Hydrogen-Powered Hypercar Concept Previews Alpine's Vision Of The Future

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The roadgoing arm of the Formula 1 team has big plans for the future of the sports car.

A couple of days ago, we introduced you to the first glimpse of Alpine's latest concept: the Alpenglow. Set to debut at the 2022 Paris Motor Show next week, Alpine decided to drop some more information and a full gallery of images on its new groundbreaking concept in the meantime. It may not be real (yet) like the beloved A110, but we can still dream, right?

In case you missed our last article, Alpine says the Alpenglow is "more than a concept car: it is a brand manifesto." Previously thought to be an EV, Alpine has now divulged that the sports car concept is hydrogen-powered. Whether this is in the form of a fuel cell or hydrogen combustion was not divulged, but the accompanying video showing the concept in CGI action seemed to hint at a soundtrack hewn from microexplosions more than moving electrons. Visually, however, it seems there's not much room for such an engine, so we'll have to wait for more details. However, this is the second such concept from the French brand to use hydrogen as a power source.

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Alpine, much like mothership Renault, is moving towards alternative fuels, and has already showcased concepts using hydrogen. The vehicle is meant to be a glimpse into the brand's road and track future, the focal point from which Alpine's upcoming designs and technologies can stem.

The name Alpenglow, which literally describes the red glow over the mountains right before sunrise, is meant to signify the dawn of things to come for the brand. Long, sleek, and low - to say it's striking is an understatement. It's reminiscent of an Aston Martin Valkyrie, with the long swooping body and extended rear, while at the same time harkening back to the A220 of late 60's endurance racing fame.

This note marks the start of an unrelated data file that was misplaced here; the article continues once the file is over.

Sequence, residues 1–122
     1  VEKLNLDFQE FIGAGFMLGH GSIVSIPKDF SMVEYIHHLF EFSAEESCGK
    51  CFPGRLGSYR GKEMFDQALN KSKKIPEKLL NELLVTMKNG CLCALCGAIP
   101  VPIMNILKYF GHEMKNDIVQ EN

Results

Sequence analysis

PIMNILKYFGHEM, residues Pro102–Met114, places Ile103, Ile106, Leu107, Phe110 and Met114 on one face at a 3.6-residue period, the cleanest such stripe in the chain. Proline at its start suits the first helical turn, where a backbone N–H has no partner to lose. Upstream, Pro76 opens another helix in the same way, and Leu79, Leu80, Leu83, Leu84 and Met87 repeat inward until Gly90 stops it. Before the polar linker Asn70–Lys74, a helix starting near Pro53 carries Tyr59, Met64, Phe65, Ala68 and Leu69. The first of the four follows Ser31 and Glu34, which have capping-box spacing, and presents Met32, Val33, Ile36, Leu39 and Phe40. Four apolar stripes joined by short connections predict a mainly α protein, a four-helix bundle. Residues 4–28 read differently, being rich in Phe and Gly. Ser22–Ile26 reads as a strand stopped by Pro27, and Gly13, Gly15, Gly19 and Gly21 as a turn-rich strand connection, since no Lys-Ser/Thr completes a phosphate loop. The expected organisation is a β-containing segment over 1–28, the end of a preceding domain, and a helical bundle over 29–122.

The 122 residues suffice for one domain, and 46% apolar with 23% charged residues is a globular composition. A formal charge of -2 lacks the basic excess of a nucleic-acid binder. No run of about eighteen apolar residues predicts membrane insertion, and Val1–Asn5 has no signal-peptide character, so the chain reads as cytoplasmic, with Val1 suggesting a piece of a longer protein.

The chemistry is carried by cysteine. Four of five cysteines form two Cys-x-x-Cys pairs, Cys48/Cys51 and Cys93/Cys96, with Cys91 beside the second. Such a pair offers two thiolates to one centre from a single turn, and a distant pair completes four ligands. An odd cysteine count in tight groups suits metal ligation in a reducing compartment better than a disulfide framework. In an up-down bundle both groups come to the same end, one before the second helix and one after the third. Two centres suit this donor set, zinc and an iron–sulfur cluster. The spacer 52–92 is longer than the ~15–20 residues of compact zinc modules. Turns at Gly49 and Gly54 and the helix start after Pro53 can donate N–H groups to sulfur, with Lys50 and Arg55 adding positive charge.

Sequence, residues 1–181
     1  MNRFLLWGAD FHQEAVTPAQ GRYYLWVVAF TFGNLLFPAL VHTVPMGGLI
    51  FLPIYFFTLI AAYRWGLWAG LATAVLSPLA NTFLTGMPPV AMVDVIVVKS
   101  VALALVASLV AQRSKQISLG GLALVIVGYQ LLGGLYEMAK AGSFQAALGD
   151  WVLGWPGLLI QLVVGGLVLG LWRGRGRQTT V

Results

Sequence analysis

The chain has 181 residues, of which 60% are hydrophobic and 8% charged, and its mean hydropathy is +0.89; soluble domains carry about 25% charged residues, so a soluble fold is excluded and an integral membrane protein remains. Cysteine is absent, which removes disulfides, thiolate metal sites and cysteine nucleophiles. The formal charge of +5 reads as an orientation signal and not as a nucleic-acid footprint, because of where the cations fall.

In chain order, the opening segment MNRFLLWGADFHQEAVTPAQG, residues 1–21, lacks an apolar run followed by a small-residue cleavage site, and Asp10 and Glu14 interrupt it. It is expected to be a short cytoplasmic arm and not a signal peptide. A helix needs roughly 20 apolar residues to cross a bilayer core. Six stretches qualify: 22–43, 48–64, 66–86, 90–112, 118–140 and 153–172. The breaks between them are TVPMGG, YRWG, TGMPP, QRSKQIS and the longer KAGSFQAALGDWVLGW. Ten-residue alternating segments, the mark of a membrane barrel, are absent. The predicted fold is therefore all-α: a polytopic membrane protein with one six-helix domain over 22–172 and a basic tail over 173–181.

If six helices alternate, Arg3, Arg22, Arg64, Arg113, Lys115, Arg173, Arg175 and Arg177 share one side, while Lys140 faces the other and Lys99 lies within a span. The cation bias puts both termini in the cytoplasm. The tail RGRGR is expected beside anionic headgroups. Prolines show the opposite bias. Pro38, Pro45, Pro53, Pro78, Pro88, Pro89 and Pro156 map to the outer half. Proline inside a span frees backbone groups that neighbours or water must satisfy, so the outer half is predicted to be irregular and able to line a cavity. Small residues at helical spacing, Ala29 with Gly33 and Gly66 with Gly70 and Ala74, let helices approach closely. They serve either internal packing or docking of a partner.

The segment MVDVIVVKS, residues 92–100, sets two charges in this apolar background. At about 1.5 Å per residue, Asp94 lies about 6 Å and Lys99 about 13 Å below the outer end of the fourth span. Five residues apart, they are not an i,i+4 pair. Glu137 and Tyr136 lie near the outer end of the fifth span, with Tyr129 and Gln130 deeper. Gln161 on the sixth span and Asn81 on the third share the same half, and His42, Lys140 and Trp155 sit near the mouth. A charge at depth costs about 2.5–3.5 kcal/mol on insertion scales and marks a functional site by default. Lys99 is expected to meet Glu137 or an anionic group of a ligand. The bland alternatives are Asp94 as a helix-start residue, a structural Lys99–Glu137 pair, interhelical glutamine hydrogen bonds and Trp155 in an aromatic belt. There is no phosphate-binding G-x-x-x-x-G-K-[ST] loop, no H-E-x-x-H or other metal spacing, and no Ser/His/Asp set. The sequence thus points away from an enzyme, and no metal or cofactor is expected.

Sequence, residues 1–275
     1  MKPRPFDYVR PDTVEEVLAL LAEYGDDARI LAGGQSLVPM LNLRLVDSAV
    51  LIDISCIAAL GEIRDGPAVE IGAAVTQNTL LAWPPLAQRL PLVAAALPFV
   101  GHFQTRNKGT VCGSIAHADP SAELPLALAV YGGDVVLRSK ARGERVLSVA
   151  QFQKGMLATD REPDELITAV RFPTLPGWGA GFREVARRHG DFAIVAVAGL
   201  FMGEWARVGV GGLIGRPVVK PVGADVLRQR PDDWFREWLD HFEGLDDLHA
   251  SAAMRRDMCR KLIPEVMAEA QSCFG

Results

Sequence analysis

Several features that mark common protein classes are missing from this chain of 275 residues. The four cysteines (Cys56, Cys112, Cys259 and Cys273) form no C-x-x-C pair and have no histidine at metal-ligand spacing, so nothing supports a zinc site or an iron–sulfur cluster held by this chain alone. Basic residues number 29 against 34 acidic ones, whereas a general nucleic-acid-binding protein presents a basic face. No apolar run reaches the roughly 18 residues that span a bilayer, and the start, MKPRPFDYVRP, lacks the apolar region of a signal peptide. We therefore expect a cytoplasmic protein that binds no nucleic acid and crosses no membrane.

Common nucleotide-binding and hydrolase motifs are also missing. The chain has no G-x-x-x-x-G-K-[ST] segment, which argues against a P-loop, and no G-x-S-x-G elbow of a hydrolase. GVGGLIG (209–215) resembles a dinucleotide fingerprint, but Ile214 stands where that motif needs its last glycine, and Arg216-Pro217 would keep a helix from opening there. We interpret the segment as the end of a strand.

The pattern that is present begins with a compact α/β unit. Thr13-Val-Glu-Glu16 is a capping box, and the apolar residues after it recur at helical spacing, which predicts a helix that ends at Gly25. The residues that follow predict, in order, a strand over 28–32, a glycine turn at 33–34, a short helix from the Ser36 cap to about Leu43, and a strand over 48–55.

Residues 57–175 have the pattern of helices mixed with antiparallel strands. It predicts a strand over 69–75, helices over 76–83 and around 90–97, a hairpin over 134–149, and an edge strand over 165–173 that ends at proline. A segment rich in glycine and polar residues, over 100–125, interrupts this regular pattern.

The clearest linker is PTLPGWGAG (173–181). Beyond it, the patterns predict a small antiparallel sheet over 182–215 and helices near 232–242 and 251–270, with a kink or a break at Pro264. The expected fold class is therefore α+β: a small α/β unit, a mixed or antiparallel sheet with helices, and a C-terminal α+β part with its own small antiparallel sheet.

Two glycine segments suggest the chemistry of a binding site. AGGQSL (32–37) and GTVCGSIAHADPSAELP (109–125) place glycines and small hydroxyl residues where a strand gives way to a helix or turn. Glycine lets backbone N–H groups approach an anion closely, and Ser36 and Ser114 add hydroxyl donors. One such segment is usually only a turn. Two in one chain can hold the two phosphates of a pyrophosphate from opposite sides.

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With the occupant fixed securely in the center of the car, they are then flanked by two hydrogen fuel tanks on either side. The car was designed with the idea of form following function in a similar vein to the Gordon Murray Automotive T50. In this instance, the powertrain and mechanical components were designed first, and then the body around them. The spoiler, much of the roof, parts of the engine cover, steering wheel paddles, and even pedals are transparent, which allows fewer distractions between the driver and the road. The whole car is more than 16 feet long, over 6 feet wide, and less than three feet tall - proportions that would put most hypercars to shame.

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Alpine is pushing this idea of melding occupant and machine, and it wants its future models to embody this oneness. It wants a complete connection of the driver and the vehicle to the road, while at the same time connecting them to nature through design, the sustainability of its vehicles, and racing/driving in general. It's an admirable goal, and something the brand hopes to realize in its "Dream Garage" - three exclusive all-electric vehicles in a GT crossover, a compact sports car, and the replacement for the A110, which will be electric.

Unfortunately, the Alpenglow seems like it may be stuck outside the garage looking in. Concept cars like this are design and engineering marvels, but they usually run into speedbumps pretty quickly when it comes to production. It will likely serve as an influence for other models rather than the basis of a production car, which is probably for the better; because why would you want to let road safety regulations ruin a face like that?

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